Old-fashioned fundraising tastes delicious

 As I’ve mentioned before, I participate in my church’s annual mission trip to Tijuana, Mexico. We build houses (this year we’re doing 4 with a group of approximately 40-50 high school students and 30 adult leaders) for families through the nonprofit organization Amor Ministries. This is my eighth year! I went all through high school and have returned every year since as a leader.

Every year, I try to expand my involvement and look for new ways to engage the group and improve our experience. It’s usually little things, like offering to help lead our campfire singing or volunteering to coordinate thanking our financial supporters. This year I am excited to be in charge (at my age, it’s still exciting to be put in charge of almost anything) of the Valentine’s Bake Sale fundraiser. Okay, so maybe a church bake sale is not the same as a star-studded, $100-a-ticket gala. But dang it, it’s still an event and I am proud to be trusted with its success.

So, I’ve been trying to brainstorm new ways to reinvigorate the bake sale. Last year, I expanded beyond the typical cookie contribution and made adorable hand-made valentines. Considering that older individuals (like the majority of my church’s  congregation) sometimes have health concerns that prevent them from going hog-wild on brownies (not too mention the reality that most everyone is on some kind of diet these days), I came up with the idea to offer an alternative. I really wish I had saved one my favorite styles – a handpainted kitten in pink metallic paint on a brown circle with “I think you’re the cat’s meow” written in cursive, all tucked in a coordinating envelope. The finishing touch was a dab of glitter in each eye to bring the kitty to life. I sold them at $5 a piece. They went like hotcakes.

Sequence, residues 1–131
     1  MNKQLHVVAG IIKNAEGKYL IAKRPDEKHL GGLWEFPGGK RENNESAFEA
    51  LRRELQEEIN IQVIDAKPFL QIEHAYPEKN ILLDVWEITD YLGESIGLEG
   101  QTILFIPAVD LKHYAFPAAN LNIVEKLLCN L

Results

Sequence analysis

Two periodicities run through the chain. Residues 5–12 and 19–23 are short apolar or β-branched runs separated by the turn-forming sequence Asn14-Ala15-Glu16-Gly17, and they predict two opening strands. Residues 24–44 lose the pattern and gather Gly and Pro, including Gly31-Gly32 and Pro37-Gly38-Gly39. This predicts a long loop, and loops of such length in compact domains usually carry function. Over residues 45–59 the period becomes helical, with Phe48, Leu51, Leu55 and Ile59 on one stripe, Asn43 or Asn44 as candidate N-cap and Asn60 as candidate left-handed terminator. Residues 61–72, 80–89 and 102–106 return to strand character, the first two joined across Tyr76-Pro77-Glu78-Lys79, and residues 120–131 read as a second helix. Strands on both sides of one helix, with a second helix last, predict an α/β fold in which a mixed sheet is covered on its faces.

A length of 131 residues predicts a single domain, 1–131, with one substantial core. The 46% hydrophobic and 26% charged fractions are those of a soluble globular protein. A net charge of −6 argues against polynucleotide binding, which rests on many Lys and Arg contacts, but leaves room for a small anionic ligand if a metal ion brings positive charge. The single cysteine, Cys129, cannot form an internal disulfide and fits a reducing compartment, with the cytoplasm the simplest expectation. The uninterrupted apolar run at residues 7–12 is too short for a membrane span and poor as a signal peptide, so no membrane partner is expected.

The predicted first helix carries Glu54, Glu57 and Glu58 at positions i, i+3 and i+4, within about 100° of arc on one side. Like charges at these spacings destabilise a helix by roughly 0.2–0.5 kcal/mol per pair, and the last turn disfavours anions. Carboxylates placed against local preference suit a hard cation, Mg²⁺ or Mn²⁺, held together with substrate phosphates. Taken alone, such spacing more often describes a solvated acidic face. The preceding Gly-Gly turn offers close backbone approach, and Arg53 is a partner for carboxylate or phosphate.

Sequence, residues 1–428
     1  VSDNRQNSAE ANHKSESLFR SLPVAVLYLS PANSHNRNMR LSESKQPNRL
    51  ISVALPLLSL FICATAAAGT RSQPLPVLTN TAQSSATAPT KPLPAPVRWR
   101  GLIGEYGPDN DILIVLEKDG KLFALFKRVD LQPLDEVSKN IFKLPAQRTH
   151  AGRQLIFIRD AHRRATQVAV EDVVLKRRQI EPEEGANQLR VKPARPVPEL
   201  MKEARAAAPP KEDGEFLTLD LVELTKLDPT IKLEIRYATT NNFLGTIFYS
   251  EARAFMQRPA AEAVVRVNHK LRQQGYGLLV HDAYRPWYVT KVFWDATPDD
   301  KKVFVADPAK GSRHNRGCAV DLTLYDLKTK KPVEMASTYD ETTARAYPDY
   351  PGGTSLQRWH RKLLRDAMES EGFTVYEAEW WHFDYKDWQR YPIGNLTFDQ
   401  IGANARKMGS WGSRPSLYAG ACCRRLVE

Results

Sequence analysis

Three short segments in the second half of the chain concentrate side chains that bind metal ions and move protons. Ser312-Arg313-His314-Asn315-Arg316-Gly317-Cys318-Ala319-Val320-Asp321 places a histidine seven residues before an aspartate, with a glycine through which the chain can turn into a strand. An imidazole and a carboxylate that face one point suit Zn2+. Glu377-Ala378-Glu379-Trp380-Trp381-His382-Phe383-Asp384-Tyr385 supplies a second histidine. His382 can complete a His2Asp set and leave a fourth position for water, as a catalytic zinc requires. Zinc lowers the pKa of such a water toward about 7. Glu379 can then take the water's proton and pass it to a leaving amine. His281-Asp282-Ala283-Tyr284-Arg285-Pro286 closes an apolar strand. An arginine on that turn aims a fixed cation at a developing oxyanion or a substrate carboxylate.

This year, I’m encouraging the kids to likewise think outside the bakery case. I’m also developing a standardized pricing guide; each year we struggle with determining whether Matt’s brownies, which are slightly larger that Julia’s, should be equally priced or not. I’d hate to insult someone’s culinary skills by pricing their masterpiece too subjectively. Also in the works is a strategy to lower our waste – all the saran wrap and plastic bags aren’t any better for the earth’s health than the rice crispies are for ours.

The bake sale is this Sunday. I’m looking forward to see what the kids turn out this year. I think as long as it’s not pre-packaged generic sugar cookies, I’ll be satisfied. But if I can also help increase our profits over last year, streamline the process, and reduce our environmental impact, I’ll be happier than a kid in a candy store.

Image courtesy of www.hostessblog.com


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